Earlier this month, NSW Education Minister, Adrian Piccoli, congratulated staff and students on the success of the virtual school Aurora College, saying it opened a range of new possibilities for regional and remote students in 2016.
"This innovative new virtual approach allows students, regardless of where they live, to study in selective streams or pursue challenging senior subjects locally," Piccoli said.
"Students in rural and remote communities deserve the same opportunities as those in the cities.”
According to Aurora College’s acting principal, Chris Robertson, those learning opportunities may even surpass those of metropolitan students.
“Aurora College offers a model of blended and online learning which provides gifted and talented rural and remote students with the same or better curriculum opportunities as students in metropolitan areas,” Robertson told The Educator.
In its first year of operation, Aurora College has improved student learning across 40 of the state’s communities.
To achieve this, Robertson said the school offers a model of blended and online learning which provides gifted and talented rural and remote students with “the same or better” curriculum opportunities as students in metropolitan areas.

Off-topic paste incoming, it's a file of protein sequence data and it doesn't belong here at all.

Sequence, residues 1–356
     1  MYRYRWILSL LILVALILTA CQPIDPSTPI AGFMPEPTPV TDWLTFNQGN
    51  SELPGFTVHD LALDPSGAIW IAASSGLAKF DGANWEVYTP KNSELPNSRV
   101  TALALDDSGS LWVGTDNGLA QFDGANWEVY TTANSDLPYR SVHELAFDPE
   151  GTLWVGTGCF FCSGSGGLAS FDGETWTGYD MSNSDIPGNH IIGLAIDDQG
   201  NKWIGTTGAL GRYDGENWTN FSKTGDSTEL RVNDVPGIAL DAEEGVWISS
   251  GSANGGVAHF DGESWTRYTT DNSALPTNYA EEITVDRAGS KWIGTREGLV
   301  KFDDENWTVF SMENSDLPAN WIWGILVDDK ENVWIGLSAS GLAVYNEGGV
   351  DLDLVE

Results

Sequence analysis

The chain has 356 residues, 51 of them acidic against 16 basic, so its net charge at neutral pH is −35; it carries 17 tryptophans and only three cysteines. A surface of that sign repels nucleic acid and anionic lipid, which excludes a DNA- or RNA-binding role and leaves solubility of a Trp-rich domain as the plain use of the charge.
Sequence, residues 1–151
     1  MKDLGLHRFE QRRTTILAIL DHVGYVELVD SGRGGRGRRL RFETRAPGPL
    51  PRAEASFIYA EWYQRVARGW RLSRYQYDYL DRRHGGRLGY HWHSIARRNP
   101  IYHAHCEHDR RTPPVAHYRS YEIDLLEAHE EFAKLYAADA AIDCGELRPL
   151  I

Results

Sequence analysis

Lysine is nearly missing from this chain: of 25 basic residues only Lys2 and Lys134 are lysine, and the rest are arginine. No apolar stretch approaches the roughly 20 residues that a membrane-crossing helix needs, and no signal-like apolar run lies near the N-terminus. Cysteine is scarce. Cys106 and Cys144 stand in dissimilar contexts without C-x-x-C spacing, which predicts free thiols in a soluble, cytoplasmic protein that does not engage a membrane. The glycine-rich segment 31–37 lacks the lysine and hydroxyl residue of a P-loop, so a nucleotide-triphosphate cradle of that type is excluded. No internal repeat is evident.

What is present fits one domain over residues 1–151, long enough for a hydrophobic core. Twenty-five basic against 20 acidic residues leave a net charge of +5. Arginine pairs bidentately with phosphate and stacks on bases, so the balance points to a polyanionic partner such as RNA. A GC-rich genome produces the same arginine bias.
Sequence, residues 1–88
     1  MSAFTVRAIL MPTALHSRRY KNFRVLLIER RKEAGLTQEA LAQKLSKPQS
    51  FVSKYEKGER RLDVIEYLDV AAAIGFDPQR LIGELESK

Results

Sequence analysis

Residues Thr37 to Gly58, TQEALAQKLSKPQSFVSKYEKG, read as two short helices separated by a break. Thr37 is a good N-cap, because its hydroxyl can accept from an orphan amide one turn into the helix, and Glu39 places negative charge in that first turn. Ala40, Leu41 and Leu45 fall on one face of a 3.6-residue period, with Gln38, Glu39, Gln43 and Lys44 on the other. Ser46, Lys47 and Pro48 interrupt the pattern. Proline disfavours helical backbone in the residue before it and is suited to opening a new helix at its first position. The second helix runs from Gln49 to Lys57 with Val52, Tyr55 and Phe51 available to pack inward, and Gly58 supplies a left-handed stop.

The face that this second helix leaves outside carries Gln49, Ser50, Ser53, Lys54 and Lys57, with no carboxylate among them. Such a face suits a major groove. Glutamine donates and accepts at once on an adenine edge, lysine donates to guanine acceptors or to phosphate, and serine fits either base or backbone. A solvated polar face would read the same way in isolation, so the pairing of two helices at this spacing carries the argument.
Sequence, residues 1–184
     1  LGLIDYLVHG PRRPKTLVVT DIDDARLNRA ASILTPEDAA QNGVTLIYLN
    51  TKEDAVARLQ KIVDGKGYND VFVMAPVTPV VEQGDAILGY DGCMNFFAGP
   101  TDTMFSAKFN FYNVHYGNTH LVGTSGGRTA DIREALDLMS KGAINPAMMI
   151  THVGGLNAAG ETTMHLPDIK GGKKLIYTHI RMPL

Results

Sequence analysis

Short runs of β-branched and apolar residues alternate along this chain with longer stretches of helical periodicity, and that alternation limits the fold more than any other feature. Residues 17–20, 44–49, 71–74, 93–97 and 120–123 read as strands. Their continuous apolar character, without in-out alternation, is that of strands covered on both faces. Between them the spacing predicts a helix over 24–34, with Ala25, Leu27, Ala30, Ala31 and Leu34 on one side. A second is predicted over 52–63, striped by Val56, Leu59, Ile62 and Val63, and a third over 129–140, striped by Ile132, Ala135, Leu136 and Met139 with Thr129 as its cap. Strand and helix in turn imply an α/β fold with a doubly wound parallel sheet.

“Our curriculum draws on current research and is characterised by curriculum compacting, content acceleration to match students’ abilities as well as the opportunity to work with and learn from peers of similar ability and interests,” Robertson said.
“Aurora also provides Stage 6 students with the opportunity to learn from some of the best teachers in the state and study a range of challenging subjects that are not available in their ‘home school’.”
The emergence of more innovative online and distance learning opportunities coincide with efforts by the Federal and State governments to level the playing field between rural and metropolitan students.
In February, Robertson told The Educator that the success of virtual learning schools around the world hinged on “taking kids from being online communicators to online collaborators” – something he said is an emerging trend in education.
He said that teachers in virtual learning environments need to manufacture the collaboration that otherwise “comes naturally” to students in the physical classroom.
As for how Robertson intends on keeping the momentum going, he said he and his team are designing learning and teaching activities that make use of collaborative platforms like Microsoft Office 365 and Google Apps.
“A three-dimensional virtual playground and learning spaces – which are recent additions to our cutting-edge virtual learning environment – will also help to encourage a culture of collaboration in the college,” Robertson said.